Food Service Help

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Fire Starter
Original poster
Apr 27, 2014
Hello everyone. I would like to appeal to the group for some advice, particularly to those of you who have food service experience. I have been asked to run a very small lunch table within a larger business where people can have a quick bite. The menu is going to be extremely limited but I plan to offer my pulled pork and pulled brisket sandwiches among a few other things.

My biggest concern is with the quality of the pulled pork and brisket after being reheated and sitting for possibly a couple of hours. I have access to crock pots, a microwave, a gas burner and griddle and I would like to find the most effective way to reheat and keep the meat hot, moist and ready to go without drying everything out over a period of about 4 hours. I have done catering jobs and used chafing dishes but the meat was never in longer than a couple of hours, and my experience with other tools have not been very effective.

If any of you can offer insight or an opinion on what method would serve me best I would certainly appreciate that. Thank you.
You could estimate the amount you'll use every 1-2hrs, and use a couple coolers so that everything gets served within that 2hr window.
You didnt say what kind of Volume you expect. The key to moist meat is keeping the moisture. Open Chafers dry out. Your Crock pots will work but are limited. They're Small, Slow to Heat and not much temp control. 200 servings, 4-5 ounce, is about 32 pounds of each kind of Pulled meat, 64 pounds Raw. 1 pound is roughly 1 pint of volume, or 16 Quarts of each Beef and Pork. So, add a Sauce or other liquid to maintain moisture...A pair of 18 Quart Roasters should do the job of Heating and Holding. For more than 200 servings, the Cambro, SmokinEdge SmokinEdge mentioned, or other Hot Holding Method, 140°F+, will be needed.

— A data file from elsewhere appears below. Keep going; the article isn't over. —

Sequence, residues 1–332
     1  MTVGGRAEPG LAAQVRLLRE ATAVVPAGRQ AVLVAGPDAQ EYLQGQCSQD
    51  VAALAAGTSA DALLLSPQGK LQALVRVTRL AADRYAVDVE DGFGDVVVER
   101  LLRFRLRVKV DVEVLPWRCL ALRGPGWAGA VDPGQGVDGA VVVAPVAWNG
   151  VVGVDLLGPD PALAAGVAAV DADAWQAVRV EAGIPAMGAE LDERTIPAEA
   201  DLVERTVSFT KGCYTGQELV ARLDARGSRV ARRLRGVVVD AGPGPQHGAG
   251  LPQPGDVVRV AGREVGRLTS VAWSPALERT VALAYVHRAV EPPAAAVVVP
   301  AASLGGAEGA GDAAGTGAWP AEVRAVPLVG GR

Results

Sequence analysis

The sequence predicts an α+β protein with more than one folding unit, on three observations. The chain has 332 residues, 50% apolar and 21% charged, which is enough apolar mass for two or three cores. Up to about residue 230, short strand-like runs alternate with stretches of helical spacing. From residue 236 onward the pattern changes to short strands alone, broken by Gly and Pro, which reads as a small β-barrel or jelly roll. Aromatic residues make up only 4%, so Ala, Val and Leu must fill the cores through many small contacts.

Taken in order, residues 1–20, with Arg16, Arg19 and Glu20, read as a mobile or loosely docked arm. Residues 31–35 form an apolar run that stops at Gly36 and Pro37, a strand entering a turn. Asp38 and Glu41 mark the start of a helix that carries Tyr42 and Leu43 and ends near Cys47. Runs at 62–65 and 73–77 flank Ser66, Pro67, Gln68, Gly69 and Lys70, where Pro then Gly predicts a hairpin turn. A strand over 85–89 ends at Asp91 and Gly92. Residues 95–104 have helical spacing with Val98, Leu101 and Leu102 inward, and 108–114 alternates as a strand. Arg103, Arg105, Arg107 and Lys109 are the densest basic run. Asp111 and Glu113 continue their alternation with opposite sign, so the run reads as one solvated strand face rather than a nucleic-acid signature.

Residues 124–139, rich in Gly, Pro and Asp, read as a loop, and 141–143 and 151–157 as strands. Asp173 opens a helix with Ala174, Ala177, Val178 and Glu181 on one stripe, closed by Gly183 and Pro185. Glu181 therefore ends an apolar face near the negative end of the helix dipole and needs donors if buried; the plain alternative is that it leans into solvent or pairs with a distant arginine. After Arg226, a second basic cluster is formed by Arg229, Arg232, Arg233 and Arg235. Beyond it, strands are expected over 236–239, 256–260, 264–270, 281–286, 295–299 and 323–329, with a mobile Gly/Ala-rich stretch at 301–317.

Make SURE the company you are working for is covering your Liability Insurance or YOU get whats needed. Not that you will make anyone sick, but someone Chokes or Breaks a Tooth on your food and You will be laying out Big Money! Also check local regulations for a Catering Operation. In many states, to Cater or operate a Food Truck, all Cooking must be done in an Inspected Commisary/Kitchen, separate from your Home Kitchen. All Equipment must be NSF approved, in other words, Professional Restaurant Equipment, Big $$$$!

Inspected Commisary/Kitchen, separate from your Home Kitchen. All Equipment must be NSF approved, in other words, Professional Restaurant Equipment, Big $$$$!
What JJ said
if cooking your meats at home in your smoker or what ever , for public consumption and sales you must have you machines and facilities inspected, and also the transport form home to place of sales and serving. In my understanding. But always check with local laws

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